Group
1 / 3 Show Caption + Hide Caption – South Korean Nuclear Characterization Team members and U.S. Army Nuclear Disablement 2 members pose outside the Idaho National Laboratory Research Center. From the left, the U.S. Army members are Sgt. Shivam M. Patel, Maj. Ariel A. Alcaide, Lt. Col. Ronald C. Lenker and Capt. Kacey D. McGee. (Photo Credit: Photo by Meghan Fujimoto, Idaho National Laboratory) VIEW ORIGINAL
Training
2 / 3 Show Caption + Hide Caption – A member of the South Korean Nuclear Characterization team trains in a suspected conversion facility. U.S. Army Nuclear Disablement Team 2 members trained with Republic of Korea NCT members at the Idaho National Laboratory in Idaho Falls, Idaho. (Photo Credit: Photo by Meghan Fujimoto, Idaho National Laboratory) VIEW ORIGINAL
Facility
3 / 3 Show Caption + Hide Caption – Republic of Korea Nuclear Characterization Team members conduct external reconnaissance of a mock nuclear facility. U.S. Army Nuclear Disablement Team 2 members trained with Republic of Korea NCT members at the Idaho National Laboratory in Idaho Falls, Idaho. (Photo Credit: Photo by Meghan Fujimoto, Idaho National Laboratory) VIEW ORIGINAL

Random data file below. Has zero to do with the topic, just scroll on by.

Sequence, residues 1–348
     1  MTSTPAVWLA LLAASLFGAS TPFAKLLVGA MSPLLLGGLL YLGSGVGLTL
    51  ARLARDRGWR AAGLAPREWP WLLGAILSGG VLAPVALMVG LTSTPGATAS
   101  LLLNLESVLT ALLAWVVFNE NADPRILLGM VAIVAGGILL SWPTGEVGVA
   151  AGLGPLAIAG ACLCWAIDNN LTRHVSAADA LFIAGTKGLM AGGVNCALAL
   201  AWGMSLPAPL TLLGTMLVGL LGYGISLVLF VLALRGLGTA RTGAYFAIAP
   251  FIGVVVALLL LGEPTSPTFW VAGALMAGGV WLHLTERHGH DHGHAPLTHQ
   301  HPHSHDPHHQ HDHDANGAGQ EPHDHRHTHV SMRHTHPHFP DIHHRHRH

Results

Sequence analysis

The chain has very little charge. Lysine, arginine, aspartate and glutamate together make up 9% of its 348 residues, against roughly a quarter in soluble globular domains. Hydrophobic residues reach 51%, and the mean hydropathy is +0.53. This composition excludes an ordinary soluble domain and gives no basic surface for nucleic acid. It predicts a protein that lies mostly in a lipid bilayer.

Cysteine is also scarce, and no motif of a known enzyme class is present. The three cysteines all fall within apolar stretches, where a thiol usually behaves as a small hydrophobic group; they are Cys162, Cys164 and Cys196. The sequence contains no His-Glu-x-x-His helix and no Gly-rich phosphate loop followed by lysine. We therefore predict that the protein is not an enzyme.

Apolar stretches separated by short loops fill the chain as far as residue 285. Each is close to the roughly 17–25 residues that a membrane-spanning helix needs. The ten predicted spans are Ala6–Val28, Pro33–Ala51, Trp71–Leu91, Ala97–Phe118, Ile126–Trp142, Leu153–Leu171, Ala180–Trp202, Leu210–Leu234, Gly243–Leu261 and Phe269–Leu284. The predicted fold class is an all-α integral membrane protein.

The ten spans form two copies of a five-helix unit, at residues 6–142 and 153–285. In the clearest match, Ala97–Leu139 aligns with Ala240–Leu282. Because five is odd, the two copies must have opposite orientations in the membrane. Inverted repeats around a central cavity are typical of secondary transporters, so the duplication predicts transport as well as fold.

IDAHO NATIONAL LABORATORY, Idaho – American Soldiers from Nuclear Disablement Team 2 and South Korean troops from the Republic of Korea’s Nuclear Characterization Teams honed their skills at America’s premier nuclear research facility, Oct. 18 - 22.

The specialized allied units took part in the Nuclear Infrastructure, Assessment and Characterization Course at Idaho National Laboratory.

In support of the Defense Threat Reduction Agency’s Cooperative Threat Reduction Directorate, the U.S. Army NDT members observe and mentor the South Korean NCT members in select training events twice a year.

U.S. Army NDT members mentor their counterparts in planning, detector employment techniques, battle tracking, decontamination procedures and other aspects of nuclear infrastructure exploitation operations.

Led by ROK Army Maj. Ji-ho Chae and ROK Army Maj. Sen-jin Kwon, 19 South Korean NCT troops completed the DTRA-sponsored course.

“The team has been very satisfied with the training,” said Chae. “We will used the lessons we learned to adjust our doctrine.”